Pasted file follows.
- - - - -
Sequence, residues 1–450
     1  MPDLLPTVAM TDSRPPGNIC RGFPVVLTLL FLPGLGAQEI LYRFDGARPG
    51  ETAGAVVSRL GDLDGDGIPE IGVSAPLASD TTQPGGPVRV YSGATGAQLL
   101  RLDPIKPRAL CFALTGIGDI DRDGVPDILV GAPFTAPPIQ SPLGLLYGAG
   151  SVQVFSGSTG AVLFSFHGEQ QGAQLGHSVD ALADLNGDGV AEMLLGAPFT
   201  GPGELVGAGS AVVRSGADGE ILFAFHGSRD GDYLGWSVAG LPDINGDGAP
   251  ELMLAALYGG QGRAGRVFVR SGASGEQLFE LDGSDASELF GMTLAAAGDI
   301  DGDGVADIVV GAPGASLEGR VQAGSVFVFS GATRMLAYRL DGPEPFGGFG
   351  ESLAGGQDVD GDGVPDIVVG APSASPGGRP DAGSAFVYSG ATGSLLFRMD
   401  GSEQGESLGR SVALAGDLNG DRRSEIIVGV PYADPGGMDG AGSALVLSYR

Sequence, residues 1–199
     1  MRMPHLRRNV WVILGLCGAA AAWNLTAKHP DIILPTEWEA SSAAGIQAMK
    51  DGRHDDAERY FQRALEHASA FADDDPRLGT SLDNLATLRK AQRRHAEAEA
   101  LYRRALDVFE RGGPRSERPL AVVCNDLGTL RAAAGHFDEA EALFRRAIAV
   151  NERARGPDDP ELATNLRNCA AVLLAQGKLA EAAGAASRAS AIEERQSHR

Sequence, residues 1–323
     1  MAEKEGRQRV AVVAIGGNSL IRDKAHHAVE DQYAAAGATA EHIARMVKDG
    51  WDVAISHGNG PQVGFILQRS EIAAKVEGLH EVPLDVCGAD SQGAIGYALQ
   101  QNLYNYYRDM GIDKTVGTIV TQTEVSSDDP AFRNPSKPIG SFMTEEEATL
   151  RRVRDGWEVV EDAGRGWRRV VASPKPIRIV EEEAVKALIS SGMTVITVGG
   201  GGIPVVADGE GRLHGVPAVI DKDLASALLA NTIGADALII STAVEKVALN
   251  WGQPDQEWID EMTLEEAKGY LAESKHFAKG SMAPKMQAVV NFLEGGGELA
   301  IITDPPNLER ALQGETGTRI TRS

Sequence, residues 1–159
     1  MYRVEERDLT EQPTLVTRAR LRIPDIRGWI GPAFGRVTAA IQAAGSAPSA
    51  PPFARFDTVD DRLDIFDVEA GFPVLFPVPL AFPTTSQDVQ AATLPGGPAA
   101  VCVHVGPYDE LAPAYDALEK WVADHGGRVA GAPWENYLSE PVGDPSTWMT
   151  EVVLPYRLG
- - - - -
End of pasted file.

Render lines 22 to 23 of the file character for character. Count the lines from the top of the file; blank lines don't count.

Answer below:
   251  WGQPDQEWID EMTLEEAKGY LAESKHFAKG SMAPKMQAVV NFLEGGGELA
   301  IITDPPNLER ALQGETGTRI TRS